DirectX 12 is Here, the Games are not
In terms of potential, DirectX 12 is one of the most revolutionary changes to PC Gaming in over a decade. This new low-level API reduces CPU overheads and theoretically increases the performance of games by an estimated 20%. However, there are no games on the market able to leverage this extra performance and it’s up to developers to begin supporting the new API. Realistically, this could take at least a year before modern games are reworked to use DirectX 12.
A large quantity of older games were produced by defunct studios and unable to implement DirectX 12 functionality. I highly doubt this could be done by a modder since the engine needs to be reworked. The data on DirectX 12 is quite new and we need to wait until the API has matured before analyzing its significance. Make no mistake, DirectX 12 will be a monumental change, but gamers shouldn’t expect to see this anytime soon.
Windows 10 Will be Free for a Year
It’s remarkably easy to get into the hullabaloo of a product launch and be disappointed by the final result. There’s no need to rush if you want to upgrade because Windows 10 will remain free for an entire year. As such, you could wait a month to see how well the operating system has been received and until the launch bugs are patched. Perhaps Windows 10 doesn’t offer enough of an improvement from Windows 7 and isn’t worth the hassle of learning a new visual style. This will be fairly prominent with those who aren’t technically minded and struggle to navigate around an operating system.
The Metro UI Still Exists
For all Windows 10’s posturing about returning to its Desktop roots, the Metro UI is still an integral component, albeit in a less obtrusive manner. In Windows 10, clicking the Start icon brings up the familiar Start menu. Unfortunately, this takes up a lot more space as the Metro icons are positioned adjacent to the Start menu. Once pressed, the menu can take up to 50% of your screen space instead of the narrow 20% seen in Windows 7. Microsoft’s ideology revolves and integrating all their services together including mobile, PC and Xbox. This sounds like a good idea, but I strongly believe Microsoft should release two versions of Windows 10; a Metro-based tablet edition and PC version which drops the Metro UI completely.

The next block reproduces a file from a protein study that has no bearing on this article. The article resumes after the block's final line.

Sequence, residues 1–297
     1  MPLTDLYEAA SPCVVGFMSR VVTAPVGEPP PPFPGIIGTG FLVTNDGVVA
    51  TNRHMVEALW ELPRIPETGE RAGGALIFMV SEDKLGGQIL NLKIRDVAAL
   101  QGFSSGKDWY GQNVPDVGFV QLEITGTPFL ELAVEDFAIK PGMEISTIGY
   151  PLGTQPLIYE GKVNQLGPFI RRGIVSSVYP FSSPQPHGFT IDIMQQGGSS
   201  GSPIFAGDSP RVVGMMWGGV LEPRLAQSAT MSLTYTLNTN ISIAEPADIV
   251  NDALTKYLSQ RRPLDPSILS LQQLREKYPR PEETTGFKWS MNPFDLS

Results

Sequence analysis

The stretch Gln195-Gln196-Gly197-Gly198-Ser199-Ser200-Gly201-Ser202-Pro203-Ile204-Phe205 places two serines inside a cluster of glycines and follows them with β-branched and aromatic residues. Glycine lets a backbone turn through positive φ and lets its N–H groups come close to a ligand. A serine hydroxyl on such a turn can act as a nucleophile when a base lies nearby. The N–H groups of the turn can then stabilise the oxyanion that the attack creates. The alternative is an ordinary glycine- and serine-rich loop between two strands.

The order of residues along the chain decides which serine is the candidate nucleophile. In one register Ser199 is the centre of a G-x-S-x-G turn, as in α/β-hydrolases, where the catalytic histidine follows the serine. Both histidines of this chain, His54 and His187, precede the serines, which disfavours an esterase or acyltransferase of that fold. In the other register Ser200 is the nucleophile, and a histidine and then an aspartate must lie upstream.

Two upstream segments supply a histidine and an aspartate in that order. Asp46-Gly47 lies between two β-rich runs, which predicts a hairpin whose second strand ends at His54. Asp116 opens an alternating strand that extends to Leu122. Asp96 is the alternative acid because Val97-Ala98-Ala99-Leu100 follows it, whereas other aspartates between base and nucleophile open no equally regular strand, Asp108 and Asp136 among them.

Windows 8 or 8.1 users can download an invaluable tool called Classic Shell which removes the Metro UI and replaces it with a simple, yet customizable Start menu. I’m surprised Microsoft didn’t take greater notice of this software which creates a much better experience than Windows’ 10 default setup. While the tool should work on Windows 10, this is just another example of how previous operating systems can be made more intuitive than Microsoft’s latest effort.
Windows 10 is shaping up to be a highly successful release, as Microsoft attempts to transfer individuals from older operating systems through the free upgrade incentive. Despite this, launch dates are always marred with a wide array of problems. In this case, the servers are almost at breaking point and I wouldn’t recommend downloading the update right now. Furthermore, DirectX 12 games could be some time off, and the Metro user-interface is still an integral part of the user-experience.
There’s no need to rush out and instantly download the update either as the average user will not majorly benefit from upgrading today. This doesn’t apply to technology enthusiasts or tweakers who want to play with the latest operating system. I’m still wary about the lack of mature drivers for unusual peripherals and wonder if they will work without any complications.
Microsoft has hinted that this could be the last version of Windows formally released. After that, Windows could possibly become a service platform which evolves without reselling the operating system as a product revision. Windows 10 is here and you should definitely upgrade, but now is probably not the best time for everyone.